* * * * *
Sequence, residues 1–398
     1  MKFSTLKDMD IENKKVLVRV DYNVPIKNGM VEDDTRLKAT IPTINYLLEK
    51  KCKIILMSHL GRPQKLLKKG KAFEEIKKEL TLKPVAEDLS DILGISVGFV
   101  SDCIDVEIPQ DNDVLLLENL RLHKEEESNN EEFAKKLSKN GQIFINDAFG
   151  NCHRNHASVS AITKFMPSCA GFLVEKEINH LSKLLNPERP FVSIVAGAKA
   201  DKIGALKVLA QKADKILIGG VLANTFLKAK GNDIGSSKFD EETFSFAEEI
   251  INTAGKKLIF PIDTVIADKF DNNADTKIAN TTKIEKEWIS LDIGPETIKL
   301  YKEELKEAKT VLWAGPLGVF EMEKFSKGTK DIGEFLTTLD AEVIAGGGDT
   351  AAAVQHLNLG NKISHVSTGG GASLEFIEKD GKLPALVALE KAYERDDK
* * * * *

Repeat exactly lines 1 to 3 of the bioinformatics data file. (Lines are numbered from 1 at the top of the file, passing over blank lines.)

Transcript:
Sequence, residues 1–398
     1  MKFSTLKDMD IENKKVLVRV DYNVPIKNGM VEDDTRLKAT IPTINYLLEK
    51  KCKIILMSHL GRPQKLLKKG KAFEEIKKEL TLKPVAEDLS DILGISVGFV